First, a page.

Rebbe Shlomo began by teaching the father that he did not employ ruach hakodesh, but rather, this was a natural phenomenon, natural consciousness that is part of the innate, behavioral part of the soul. This is not something in which the Tzaddik invests any special thought or effort. It is specifically in the bathroom, a place that is not relevant to Torah study or prayer, that the Tzaddik can look at what is happening in the world. Tzaddikim do not need to read the newspaper in the bathroom, as some people do, because they see everything without the newspaper – much more in line with the truth than the dubious reports in the media. From their vantage point, they can orchestrate reality and do what needs to be done (as is written in other stories of Tzaddikim, particularly about Rebbe Shlomo of Karlin).

One of the essential points of contention between Chassidim and Misnagdim (those opposed to the teachings of Chassidut) in the early days of Chassidut was about the tzimtzum. The Misnagdim maintained that the contraction of energy performed by God (tzimtzum) in order to create a void space (called hachallal hapanui) in which to create the world is truly void of God, Heaven forbid. The Chassidim countered that although we don’t see God, He is everywhere, just as He was before the tzimtzum, as explained at length in Chassidic teachings. One of the ‘accusations’ of the Misnagdim  – which seems strange to us today – was that the Chassidim, who do not take the tzimtzum literally, but rather maintain that God is everywhere, also believe that God is in impure places like the bathroom. This, concluded the Misnagdim, contradicts the Torah, which teaches us not to study or pray in unclean places. This is also the source of the question that the father asked Rebbe Shlomo: How could he have ruach hakodesh after exiting the bathroom, before ritually washing his hands?

Chassidut explains that God is everywhere: “There is no place void of Him.” Learning Torah and praying, however, are allowed only outside the bathroom. From this story we see that the bathroom is a kind of control room for Tzaddikim, from where they can keep an eye on what is happening throughout the world.

On a deeper level, the unchaining of agunot (anchored women) is one of the Torah issues in which the Tzaddikim and sages have invested the most time and effort, as is reflected in the many volumes of Responsa on this topic throughout the generations (including in our generation, unchaining widows of fallen soldiers whose whereabouts are unknown, may God have mercy). When a true sage is required to find a way to unbind a woman and save her from bondage (which is a type of saving her life) generally, he will prove that the husband is not alive. Unbinding the agunah is actually an entry into the challal hapanui, the space “void of God” as it were, outside the borders of holiness and certainty – in order to find the deceased (in Hebrew, challal) husband. The power to exit the boundaries of holiness belongs to the behavioral part of the soul, which is the lower sefirot of Netzach, Hod and Yesod.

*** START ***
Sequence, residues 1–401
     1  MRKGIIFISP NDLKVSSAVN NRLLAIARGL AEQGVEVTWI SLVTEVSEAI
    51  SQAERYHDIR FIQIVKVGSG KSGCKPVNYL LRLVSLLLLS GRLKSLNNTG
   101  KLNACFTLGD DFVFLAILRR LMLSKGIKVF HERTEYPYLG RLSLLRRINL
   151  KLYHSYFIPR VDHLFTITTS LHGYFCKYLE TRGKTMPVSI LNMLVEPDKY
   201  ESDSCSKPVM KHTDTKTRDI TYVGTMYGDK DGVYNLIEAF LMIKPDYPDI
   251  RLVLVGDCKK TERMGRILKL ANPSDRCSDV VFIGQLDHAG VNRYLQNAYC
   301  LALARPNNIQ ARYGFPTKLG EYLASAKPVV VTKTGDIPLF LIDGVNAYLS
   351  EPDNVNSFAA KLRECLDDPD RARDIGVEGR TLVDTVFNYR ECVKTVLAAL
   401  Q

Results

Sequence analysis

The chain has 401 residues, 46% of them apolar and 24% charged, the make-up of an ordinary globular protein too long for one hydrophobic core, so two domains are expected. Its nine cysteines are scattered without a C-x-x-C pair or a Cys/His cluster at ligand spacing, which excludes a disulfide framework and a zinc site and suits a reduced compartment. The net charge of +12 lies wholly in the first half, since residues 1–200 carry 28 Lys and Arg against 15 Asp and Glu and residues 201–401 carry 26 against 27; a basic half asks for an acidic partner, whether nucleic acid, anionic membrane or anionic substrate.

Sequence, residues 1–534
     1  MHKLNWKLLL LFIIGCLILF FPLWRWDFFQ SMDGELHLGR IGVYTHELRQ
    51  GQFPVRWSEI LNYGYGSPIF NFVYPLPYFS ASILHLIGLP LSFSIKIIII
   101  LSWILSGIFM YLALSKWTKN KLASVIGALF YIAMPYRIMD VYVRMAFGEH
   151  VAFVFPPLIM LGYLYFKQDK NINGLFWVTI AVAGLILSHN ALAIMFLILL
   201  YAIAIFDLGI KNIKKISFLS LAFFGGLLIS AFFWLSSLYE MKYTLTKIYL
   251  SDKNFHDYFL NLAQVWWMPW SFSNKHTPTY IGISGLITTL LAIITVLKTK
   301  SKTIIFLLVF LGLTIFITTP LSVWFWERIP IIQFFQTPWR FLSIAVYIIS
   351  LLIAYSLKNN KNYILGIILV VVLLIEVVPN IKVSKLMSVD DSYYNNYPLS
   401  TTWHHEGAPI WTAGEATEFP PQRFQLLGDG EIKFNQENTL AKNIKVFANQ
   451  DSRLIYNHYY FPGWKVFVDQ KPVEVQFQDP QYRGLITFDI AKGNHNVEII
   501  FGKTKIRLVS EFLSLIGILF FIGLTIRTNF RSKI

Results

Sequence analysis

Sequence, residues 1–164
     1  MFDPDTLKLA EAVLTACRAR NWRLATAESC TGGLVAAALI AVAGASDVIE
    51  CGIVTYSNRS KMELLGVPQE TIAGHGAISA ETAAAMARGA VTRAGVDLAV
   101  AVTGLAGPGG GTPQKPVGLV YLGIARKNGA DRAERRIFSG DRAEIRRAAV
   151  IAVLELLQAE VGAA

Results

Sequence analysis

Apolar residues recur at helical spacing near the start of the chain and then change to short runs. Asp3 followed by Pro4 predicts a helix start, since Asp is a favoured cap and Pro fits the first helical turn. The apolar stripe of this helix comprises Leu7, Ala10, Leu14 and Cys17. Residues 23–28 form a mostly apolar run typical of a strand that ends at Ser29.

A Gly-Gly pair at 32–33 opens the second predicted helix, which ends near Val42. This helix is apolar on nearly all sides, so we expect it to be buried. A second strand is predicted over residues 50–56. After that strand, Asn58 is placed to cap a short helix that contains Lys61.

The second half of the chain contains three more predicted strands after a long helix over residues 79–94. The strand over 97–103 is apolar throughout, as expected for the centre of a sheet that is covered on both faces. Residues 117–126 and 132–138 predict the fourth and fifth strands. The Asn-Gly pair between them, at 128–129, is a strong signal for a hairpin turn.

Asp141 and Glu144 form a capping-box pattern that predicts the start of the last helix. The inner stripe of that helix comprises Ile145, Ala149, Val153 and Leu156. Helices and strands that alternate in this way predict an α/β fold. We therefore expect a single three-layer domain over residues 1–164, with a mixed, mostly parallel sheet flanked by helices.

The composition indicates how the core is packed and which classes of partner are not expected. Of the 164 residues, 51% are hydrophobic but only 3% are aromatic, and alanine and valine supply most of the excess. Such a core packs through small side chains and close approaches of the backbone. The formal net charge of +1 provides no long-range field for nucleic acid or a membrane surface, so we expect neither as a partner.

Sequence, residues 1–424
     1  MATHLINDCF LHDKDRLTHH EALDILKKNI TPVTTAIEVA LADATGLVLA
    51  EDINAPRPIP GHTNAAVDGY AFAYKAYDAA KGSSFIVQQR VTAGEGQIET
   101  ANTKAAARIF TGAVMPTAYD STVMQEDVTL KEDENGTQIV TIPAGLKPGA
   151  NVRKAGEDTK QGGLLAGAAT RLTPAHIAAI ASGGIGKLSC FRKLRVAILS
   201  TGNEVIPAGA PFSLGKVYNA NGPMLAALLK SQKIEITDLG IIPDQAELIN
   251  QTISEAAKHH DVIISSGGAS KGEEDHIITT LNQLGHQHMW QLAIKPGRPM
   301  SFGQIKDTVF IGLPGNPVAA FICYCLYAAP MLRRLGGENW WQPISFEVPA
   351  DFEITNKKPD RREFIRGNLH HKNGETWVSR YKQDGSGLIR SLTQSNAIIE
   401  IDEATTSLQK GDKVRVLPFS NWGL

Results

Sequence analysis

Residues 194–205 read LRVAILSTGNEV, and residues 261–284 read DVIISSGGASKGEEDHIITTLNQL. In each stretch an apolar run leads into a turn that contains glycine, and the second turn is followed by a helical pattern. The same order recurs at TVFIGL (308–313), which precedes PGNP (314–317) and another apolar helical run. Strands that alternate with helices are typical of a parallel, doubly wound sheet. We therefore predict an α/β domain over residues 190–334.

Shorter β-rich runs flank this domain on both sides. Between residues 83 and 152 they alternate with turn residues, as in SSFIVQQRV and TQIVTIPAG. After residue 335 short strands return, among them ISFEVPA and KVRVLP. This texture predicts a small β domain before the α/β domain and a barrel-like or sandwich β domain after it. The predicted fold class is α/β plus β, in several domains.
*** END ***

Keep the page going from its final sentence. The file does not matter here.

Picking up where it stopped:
The greatest Torah-based triumph (nitzachon, as in Netzach) of a Torah adjudicator is to unchain an agunah. This also allows the soul of her deceased husband to ascend from the challal hapanui to the Garden of Eden (for the very fact that he is still anchoring his wife also damages his own soul).

While the Torah engages the challal hapanui and determines what is supposed to take place there (such as the determination in Jewish law that one should not learn Torah in the bathroom), the Tzaddik who locates the living husband, such as Rebbe Shlomo in our story, penetrates the challal hapanui with the behavioral innate traits of his soul. He does so by means of a type of Divine inspiration, which, for him, is nothing more than natural consciousness, with the knowledge that the state of concealment is nothing more than superficial “clay on the eyes,” and that in truth, God is in every place. The Tzaddik can see Him naturally, and reveal to the world that there is no place void of Him.

Photo by Tim Foster on Unsplash